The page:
Phoenix City Leader Thanks Family In Police Video, Vows Support
A newly elected Phoenix City Council member pledges to help a family involved in a controversial police incident obtain justice.
A bystander’s video shows officers cursing and pointing guns at Dravon Ames, his pregnant fiancee, Iesha Harper, and their two young daughters. Police say the family was suspected of shoplifting and failed to obey commands.
Ames told KJZZ his 4-year-old daughter took something, but he did not ignore police commands.
Since video of the May incident was shared on social media and reported by news outlets across the country, the city has heard from many police critics and supporters. During Wednesday’s meeting, after Ames and others asked the council to fire the officers involved, Council member Carlos Garcia addressed the family.
“I want to thank you for your work,” Garcia said. “I know it’s hard to time and time again speak to the media, come here in front of us and hear things that, that attack your character.”
On Wednesday, the council rejected a citizen petition asking members to fire two police officers involved in the controversial incident. The city attorney told the council that firing the officers would be a clear violation of the employees’ due process rights and a violation of the city charter.
Mayor Kate Gallego summarized why the council is staying out of any disciplinary action while the internal investigation is underway.
“So, we have legislation at the state level that provides due process rights for our police officers,” she said. “There’s also memorandums of understanding with our employee groups, and the City Council is prohibited from firing a city employee.”
Garcia addressed Ames and Harper: “Our office is committed to finding a way to discipline officers. What was done to you all was wrong, and you’re right, the world saw it and the world is speaking to it.”
Councilman Sal DiCiccio defended the officers.
“I am strongly opposed to any firing, any limitations put on these police officers,” DiCiccio said. “They’ve got an exemplary career here. Other than the swearing, they did everything within policy.”
Garcia, who campaigned on police accountability, told Ames and Harper his office will stay focused on the situation.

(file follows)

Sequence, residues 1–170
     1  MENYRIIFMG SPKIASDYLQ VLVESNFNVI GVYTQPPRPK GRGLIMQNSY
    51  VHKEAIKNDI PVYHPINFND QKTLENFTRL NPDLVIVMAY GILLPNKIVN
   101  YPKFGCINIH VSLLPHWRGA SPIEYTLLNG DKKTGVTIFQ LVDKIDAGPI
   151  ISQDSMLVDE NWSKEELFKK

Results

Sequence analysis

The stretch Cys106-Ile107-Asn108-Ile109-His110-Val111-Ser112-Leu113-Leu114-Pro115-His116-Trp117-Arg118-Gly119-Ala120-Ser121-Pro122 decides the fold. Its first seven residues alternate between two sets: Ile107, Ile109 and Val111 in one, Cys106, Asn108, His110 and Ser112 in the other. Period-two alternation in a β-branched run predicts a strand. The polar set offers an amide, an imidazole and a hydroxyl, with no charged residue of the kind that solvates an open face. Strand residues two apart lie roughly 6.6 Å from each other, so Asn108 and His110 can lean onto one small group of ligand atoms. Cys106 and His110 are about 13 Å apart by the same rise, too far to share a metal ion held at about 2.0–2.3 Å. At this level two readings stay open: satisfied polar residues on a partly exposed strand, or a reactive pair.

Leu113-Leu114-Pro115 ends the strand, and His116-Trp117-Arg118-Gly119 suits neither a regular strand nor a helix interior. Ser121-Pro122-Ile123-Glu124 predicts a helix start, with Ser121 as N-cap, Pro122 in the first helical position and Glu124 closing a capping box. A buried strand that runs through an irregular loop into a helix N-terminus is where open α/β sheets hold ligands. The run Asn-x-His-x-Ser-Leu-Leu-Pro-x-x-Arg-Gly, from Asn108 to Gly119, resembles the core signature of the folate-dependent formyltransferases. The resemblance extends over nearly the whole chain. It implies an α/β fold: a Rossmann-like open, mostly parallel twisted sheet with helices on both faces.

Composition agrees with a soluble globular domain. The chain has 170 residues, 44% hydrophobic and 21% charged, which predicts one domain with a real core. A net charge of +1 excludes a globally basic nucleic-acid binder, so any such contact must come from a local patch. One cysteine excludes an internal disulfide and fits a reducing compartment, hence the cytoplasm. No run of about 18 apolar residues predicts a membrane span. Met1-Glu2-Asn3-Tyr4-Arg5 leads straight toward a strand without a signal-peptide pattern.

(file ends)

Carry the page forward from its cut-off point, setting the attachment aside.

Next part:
“To look for ways in which your family can obtain some justice,” he said. “And, again, we hope we can continue to work together and figure out what that justice looks [like] for you.”
The family has filed a notice of claim, which is a precursor to filing a civil lawsuit against the city. During a news conference immediately before Wednesday’s meeting, the Rev. Jarrett Maupin, a civil rights activist, said Ames and Harper are looking for full justice.
“The fullness of justice requires criminal justice, financial justice, the emotional counseling,” he said “We’re suing for a lot more than money. These people have been through something. They’ve been through hell. The whole world saw that.”
“The video tells it all,” Harper said. “They can say what they want to say.”
“As long as the officers are off the streets and not going to hurt anyone, that would make me feel way better,” Ames said.
Like the police, Harper and Ames said they have also been receiving threats since the video went viral.
After Tuesday’s policy session addressing police oversight, Mayor Gallego released the following statement:
"Today, council took action to strengthen the trust between our community and the police department. Phoenix Police Chief Williams presented a five-point action plan outlining departmental changes. The council immediately moved forward with a vote on two of the presented items, an early intervention system and a public opinion survey. Mayor Gallego proactively called for a September work-study session on civilian oversight options.
This session will look at options for a civilian oversight in Phoenix and answer council questions posed during today’s policy meeting. Each of these measures represents actionable steps toward improving community trust and ensuring our police department is the most innovative in the nation.
Our goal today and always is to have both our residents and our officers return home safely each night. The city’s investment in modernized officer training, expedited body camera roll-out and a new early intervention system helps to ensure that we meet this goal.
As elected officials, our job is to understand and speak to the many different viewpoints that exist within our city--to put ourselves in the shoes of the people we represent and see the world through their eyes. This means recognizing that there are people who feel the police are not their allies and still, others who feel that the police are being treated unfairly, and many more who fall somewhere in the middle. This discussion is not comprised of two groups with opposing views, nor is it a conversation limited to nine councilmembers.
It is a conversation of 1.7 million Phoenicians with different viewpoints, life experiences, and concerns. This issue will not be solved overnight. We have begun the process of having these difficult conversations and making concrete changes. Today is not the last discussion nor action on this topic."